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The Take-Home Message

Did you get a little star next to your #PitMad tweet? Research the agent (or editor or publisher) who put it there before you submit your query/manuscript. Not all agents are created equal. Now on to the rest of the post… With Brenda Drake’s quarterly #PitMad just around the corner (that means tomorrow), I thought I’d tout the highs, give the low-down on the lows, and throw my usual pleasantly curmudgeonly pitch contest warning out to fellow writers. (Yep, two adverbs there. I’m keeping them. Just like I’m keeping my poisoned prologue and my eleventy-million points of view.)

The Good

First, a few upbeat comments. Online pitch and query contests are fantastic and if you have a finished manuscript or non-fiction proposal that is revised, polished, and read by someone who did not give birth to you, you should enter one. Why? Here’s a smattering of reasons:

  1. They’re just damned fun. All that excitement and adrenaline gets your fingers twitching and your heart racing–a great thing for me since I’m caffeine-intolerant and need to get that sort of fix via sources other than coffee.*
  2. You will (and I guarantee this) meet at least one super-cool writer pal. If you’re as lucky as I was during #AgentMatch, you’ll end up with a critique partner who rocks your world. (Yes, Charlotte Levine Gruber, that means you.)
  3. Any exercise that requires you to grind down your several-thousand-word masterpiece into fewer than 140 characters (including those pesky spaces and punctuation marks) has to be good for you. Even if it hurts a little bit.
  4. There’s much to be learned from fellow authors’ pitches. Look for those goals, motivations, conflicts, and stakes in the favourited tweets. You just might have a eureka moment and end up tweaking your own pitch for the better.
  5. You’ll get a sense of what agents are looking for–NOW. And NOW is not the same thing as last year or last month or whenever an agent last updated her Publishers Marketplace profile or website or manuscript wish list (#MSWL). Real-time information rules.
  6. If you’re anything like me (or every other writer in the world), you’ll dig the almost-instantaneous feedback. Amazing what a few re-tweets or I-can’t-wait-to-read-your-book comments can do for one’s ego, quoi?
  7. And best of all, you just might see one of those coveted stars underneath your pitch. They look like this:

Twitter Pitch 1 Twitter Pitch 2 (Note: I didn’t end up with my wonderful agent, Alec Shane of Writers House, through #PitMad. Nor did I end up with Alec as a result of these two pitches. And I didn’t end up with him by way of either of the two books I huckstered in my very first #PitMad back in December 2014. I had to write something else.)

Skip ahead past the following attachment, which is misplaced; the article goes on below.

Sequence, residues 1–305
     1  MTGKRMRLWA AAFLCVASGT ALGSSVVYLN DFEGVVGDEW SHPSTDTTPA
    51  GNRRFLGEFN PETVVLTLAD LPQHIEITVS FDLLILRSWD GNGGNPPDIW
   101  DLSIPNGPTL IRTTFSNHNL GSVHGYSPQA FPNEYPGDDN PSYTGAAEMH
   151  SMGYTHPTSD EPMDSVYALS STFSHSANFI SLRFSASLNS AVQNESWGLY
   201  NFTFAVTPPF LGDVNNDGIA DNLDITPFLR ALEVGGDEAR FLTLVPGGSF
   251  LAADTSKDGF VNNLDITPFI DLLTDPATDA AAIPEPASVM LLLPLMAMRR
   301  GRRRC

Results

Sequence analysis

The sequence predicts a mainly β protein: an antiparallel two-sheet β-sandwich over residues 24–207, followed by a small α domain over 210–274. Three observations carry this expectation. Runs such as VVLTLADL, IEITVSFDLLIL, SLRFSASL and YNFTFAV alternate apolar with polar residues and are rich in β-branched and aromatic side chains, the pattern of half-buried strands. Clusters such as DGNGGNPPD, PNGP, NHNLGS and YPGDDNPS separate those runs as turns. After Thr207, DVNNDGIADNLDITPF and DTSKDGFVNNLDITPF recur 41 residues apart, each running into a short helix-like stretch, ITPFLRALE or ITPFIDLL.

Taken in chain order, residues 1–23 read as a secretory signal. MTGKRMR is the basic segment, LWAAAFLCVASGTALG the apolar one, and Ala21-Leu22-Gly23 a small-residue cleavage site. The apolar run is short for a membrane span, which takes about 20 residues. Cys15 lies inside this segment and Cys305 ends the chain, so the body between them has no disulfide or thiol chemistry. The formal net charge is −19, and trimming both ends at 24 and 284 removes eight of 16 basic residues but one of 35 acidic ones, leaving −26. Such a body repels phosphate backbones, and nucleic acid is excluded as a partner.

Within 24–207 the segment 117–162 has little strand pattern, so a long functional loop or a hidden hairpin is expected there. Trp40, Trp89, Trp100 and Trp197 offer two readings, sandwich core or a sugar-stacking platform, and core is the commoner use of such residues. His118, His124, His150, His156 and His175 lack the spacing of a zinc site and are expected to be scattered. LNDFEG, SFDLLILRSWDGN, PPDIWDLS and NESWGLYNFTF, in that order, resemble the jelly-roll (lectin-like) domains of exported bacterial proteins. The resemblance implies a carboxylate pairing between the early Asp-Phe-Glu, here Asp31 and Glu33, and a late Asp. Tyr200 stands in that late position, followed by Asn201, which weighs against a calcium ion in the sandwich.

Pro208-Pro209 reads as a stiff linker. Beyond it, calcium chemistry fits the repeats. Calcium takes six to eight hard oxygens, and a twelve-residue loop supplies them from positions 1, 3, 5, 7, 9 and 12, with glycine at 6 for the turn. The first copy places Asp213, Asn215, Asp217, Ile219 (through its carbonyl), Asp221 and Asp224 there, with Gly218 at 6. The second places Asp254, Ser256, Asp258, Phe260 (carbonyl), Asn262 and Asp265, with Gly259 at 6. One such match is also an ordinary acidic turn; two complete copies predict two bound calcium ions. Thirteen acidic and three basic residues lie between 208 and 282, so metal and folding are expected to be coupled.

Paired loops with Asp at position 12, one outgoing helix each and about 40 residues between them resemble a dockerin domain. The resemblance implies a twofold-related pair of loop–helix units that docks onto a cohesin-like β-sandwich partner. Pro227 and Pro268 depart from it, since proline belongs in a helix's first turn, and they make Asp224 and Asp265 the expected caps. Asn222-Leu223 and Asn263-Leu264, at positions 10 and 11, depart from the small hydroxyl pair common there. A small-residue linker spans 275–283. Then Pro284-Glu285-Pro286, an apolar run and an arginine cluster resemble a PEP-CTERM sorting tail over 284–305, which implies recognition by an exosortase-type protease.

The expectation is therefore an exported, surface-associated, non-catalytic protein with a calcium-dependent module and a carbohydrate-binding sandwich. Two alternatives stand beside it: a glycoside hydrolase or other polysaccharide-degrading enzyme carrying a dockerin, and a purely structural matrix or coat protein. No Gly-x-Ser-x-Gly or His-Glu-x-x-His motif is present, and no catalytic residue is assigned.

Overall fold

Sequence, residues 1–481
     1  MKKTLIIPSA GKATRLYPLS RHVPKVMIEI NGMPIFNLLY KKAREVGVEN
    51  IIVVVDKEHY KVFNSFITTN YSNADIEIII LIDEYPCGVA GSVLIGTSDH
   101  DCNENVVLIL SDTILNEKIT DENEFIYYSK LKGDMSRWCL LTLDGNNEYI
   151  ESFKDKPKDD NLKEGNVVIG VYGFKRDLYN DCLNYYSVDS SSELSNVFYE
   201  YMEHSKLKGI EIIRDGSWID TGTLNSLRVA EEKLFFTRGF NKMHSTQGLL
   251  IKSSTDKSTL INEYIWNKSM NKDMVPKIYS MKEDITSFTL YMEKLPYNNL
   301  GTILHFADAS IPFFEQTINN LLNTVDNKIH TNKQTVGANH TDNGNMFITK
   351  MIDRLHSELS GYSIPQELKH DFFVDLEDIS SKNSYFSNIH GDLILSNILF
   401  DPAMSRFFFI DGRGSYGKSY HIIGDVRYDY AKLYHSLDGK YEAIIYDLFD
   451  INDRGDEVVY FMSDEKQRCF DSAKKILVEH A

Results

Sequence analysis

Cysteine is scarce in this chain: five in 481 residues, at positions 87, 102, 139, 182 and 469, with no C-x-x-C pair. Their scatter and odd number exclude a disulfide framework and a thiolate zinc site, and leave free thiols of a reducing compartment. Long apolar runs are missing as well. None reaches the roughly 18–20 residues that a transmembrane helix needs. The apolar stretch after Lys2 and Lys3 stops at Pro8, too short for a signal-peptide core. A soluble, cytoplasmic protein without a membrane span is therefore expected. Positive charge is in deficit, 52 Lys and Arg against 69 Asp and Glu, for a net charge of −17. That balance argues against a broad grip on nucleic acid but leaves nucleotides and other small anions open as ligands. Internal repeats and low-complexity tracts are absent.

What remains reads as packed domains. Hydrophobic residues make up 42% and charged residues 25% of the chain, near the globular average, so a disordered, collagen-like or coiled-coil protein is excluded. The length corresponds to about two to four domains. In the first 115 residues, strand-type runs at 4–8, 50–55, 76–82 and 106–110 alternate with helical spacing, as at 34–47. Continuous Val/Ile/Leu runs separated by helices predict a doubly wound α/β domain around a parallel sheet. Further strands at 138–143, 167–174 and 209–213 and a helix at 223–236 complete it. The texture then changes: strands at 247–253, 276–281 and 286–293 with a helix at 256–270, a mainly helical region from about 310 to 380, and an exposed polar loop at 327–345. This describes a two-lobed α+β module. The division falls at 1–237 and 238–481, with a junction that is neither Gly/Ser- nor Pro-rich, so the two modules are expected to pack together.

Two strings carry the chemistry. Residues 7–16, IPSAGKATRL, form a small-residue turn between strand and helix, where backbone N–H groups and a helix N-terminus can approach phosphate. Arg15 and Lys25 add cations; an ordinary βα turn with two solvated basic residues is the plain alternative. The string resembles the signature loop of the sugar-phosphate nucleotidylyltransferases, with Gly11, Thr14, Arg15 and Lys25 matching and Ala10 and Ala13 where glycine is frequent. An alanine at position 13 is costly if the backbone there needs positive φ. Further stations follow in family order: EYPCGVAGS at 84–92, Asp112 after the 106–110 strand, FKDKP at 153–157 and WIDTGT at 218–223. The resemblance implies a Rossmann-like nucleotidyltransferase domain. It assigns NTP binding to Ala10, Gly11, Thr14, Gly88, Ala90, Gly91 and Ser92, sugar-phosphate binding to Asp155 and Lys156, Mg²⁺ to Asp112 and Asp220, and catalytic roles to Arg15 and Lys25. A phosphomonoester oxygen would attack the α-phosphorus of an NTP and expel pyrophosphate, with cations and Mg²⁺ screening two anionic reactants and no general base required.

The Bad

There really isn’t anything bad about online pitch contests, but I needed this part to fit in with my nod to Sergio Leone. (In almost all of my blog posts, you’ll find at least one cinematic reference. Many are well hidden or just plain obscure.) That said, I’ll mention a few things I’ve learned:

  1. Your pitches might not get starred by agents. Sad, I know, but true. It doesn’t mean your pitch sucked (it might mean that, but it doesn’t necessarily mean that). Not every agent follows every #PitMad feed. Pitches come in faster than you can spell “tweet.” Some nasty god of the literary underworld might have put kryptonite between your dream agent’s eyes and your pitch. Remedy? Keep calm and query on.
  2. You’ve gotten the star, you’ve sent out your material (following the agent’s submission guidelines, naturally), and…thump! That’s the sound of the rejection hitting your inbox. It happens. For the remedy, see #1 above.
  3. It’s eight o’clock in the evening and you’ve been staring at your computer screen for twelve hours straight. The refrigerator is bare, because you forgot to go grocery shopping. Dinner ain’t gonna happen, because your head feels like it’s been in a vise all day. Remedy? Take-away Chinese food. Trust me on this one.

The When-to-Say-No

Here it is, the pleasantly curmudgeonly part: You’ve gotten a star! Whoo-hoo! Fanfuckingtastic funiculi-funicula moment.

Now just wait a cockadoodie minute, friend. (I mean this in my usual pleasant way.)

WHO, exactly, was it who put that little star under your tweet? A small publisher? A–yipes–vanity press? An agent who doesn’t rep your genre? A new agency that cropped up in someone’s guest bedroom the night before #PitchMas?

Nothing’s wrong with any of the above. (I have my own private thoughts about vanity presses, which I’ve brought to light under a different blog in a different country with no name attached to those opinions, but if you dig paying to have your book published, that’s up to you.)

The point is simple: when you get that little star, the game-board spinner now points back to you. Yes, I mean you. It’s homework and research time, writer. That moment when you start (if you haven’t already started) your agent-stalking career. Check the source of those stars out. Like what you see? Terrific. Follow the agent’s submission guidelines to a T (if and only if you have a finished manuscript or non-fiction proposal that is revised, polished, and read by someone who did not give birth to you).

But if you’re not quite sure, if you’ve read worrisome comments on Preditors [sic] and Editors, if anything at all raises a red flag…well, maybe that agent or publisher isn’t what you’ve been looking for after all. Not all shining Twitter stars are created equal. Take your time, do your homework, and know that you can always say “thank you, but no thank you.”

I’ll be hanging out editing and writing and dreaming and waiting tomorrow, but I’m silently cheering y’all on. Happy #PitMad day!

Note: *I do, in fact, consume massive quantities of decaf. Black, no sugar.

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